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The Moroccan authorities have arrested a young man who allegedly was driving the ship that was wrecked on Monday in the Mediterranean, near the Moroccan city of Nador, leaving at least 34 people dead and missing, according to the NGO Caminando Fronteras.
In a statement from the Prefecture of Nador, the detainee, aged 18 and of Malian origin, was among the 31 people who were finally rescued after several hours at sea by the Moroccan troops during the operation, and is currently ” police disposition “.
The 60 migrants on board asked for help from Maritime Rescue, but their boat was in the Moroccan zone. Spanish rescue services say they offered their cooperation to the neighboring country, but received no response. “On several occasions, collaboration was offered to Morocco, they never responded,” they confirmed from the subsidiary of Fomento. Until more than 24 hours later, no one came to his aid. Caminando Fronteras has been denouncing “failures in coordination” between the Spanish and Moroccan authorities in terms of rescue for years. According to they indicate, it is not the first time that Spain warns Morocco of boats at risk but these are not rescued or end in tragedy.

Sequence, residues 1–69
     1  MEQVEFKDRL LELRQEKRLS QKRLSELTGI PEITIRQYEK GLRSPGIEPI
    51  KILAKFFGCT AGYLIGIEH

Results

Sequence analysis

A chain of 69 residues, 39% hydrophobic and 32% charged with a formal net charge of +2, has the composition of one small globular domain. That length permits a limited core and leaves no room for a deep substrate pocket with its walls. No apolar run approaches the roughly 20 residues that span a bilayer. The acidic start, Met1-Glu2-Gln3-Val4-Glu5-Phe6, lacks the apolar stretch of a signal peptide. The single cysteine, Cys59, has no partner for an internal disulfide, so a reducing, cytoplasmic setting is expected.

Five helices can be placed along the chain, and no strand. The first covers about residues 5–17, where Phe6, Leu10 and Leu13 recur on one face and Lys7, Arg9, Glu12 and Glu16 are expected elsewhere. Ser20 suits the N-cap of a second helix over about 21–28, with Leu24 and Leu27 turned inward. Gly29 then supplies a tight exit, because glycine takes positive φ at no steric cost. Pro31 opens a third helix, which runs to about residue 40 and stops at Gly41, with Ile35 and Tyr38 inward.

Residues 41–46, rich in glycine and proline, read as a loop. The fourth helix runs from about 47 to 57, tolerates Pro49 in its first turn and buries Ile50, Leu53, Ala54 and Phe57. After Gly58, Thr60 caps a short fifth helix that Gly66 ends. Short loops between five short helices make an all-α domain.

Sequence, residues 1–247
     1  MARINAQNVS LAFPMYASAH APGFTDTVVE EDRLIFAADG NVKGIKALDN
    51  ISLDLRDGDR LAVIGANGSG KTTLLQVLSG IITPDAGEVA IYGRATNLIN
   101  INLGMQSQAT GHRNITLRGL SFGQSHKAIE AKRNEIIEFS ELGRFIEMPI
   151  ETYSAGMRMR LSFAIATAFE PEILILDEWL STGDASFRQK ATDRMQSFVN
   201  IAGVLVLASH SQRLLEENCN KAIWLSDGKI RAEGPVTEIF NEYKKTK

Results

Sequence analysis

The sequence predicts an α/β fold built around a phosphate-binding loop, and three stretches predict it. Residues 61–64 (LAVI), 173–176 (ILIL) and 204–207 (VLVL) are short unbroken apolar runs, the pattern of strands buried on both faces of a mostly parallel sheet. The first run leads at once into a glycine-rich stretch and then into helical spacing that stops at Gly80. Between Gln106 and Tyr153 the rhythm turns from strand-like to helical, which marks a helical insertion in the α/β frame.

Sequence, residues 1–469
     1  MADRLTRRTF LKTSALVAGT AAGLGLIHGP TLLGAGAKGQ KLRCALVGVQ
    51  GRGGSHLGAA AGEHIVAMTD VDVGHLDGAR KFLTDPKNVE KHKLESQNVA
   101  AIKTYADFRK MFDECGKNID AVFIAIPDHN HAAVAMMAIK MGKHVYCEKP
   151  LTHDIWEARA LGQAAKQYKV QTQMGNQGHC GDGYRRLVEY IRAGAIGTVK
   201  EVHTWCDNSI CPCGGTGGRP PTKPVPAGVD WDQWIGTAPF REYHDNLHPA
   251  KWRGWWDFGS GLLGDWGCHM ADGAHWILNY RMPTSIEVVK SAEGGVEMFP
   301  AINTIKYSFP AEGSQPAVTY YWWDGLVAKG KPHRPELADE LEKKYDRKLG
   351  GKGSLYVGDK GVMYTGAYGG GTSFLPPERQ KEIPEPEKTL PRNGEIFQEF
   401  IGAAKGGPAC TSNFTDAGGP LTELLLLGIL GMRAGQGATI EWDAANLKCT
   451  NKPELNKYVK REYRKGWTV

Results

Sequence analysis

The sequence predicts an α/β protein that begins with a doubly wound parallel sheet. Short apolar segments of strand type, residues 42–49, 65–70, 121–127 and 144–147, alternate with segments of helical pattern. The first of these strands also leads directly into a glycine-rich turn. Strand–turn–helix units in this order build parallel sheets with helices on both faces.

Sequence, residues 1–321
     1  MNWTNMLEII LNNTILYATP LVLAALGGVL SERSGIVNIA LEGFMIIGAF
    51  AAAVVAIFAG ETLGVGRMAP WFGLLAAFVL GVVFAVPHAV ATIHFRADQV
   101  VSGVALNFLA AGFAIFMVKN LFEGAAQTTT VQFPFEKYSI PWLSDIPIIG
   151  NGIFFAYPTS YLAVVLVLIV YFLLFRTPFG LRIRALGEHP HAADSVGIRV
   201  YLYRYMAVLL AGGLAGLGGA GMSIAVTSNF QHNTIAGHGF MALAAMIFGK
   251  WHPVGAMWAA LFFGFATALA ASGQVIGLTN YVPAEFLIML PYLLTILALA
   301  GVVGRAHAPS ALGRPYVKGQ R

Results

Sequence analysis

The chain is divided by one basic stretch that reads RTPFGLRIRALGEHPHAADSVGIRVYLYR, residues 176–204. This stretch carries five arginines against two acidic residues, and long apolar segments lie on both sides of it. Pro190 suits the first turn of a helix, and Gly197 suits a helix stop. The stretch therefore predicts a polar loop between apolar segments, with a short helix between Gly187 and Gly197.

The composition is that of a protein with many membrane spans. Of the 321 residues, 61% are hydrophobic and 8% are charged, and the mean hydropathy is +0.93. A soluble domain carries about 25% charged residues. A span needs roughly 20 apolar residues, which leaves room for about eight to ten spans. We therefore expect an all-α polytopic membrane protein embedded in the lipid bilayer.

The eleven corpses were found by a Moroccan Royal Navy ship, which moved them to the morgue of the Hassani Hospital, the main one in the city of Nador. The Nador prefecture assures that the investigations continue to “locate the travel organizer” who, according to the statements of those rescued, also has Malian nationality, the source added.
Walking Borders has questioned on several occasions the “criminalization” suffered by migrants trying to cross the border. In their last report, they documented that on at least three occasions “human trafficking crimes were attributed to people who did not even have to do with the handling of the boat.”
In the same document, they collected the testimony of a Malian community leader who explained that, sometimes, migrants do not use traffic networks to get to Spain, but instead organize to buy the precarious boats in which they try to cross the waters border. “There are no captains like you think, there are people who maybe rode in the sea sometime, and then the strongest row, and the others with a cube shrink the water,” he said.
Without counting on this last shipwreck, at least 364 people have died trying to cross the waters that separate Morocco and Spain, according to the International Organization for Migration (IOM). Specialized NGOs and organizations such as UNHCR have repeatedly demanded the implementation of legal and safe access routes to prevent these people from being pushed to risk their lives at sea.
Source: El Diario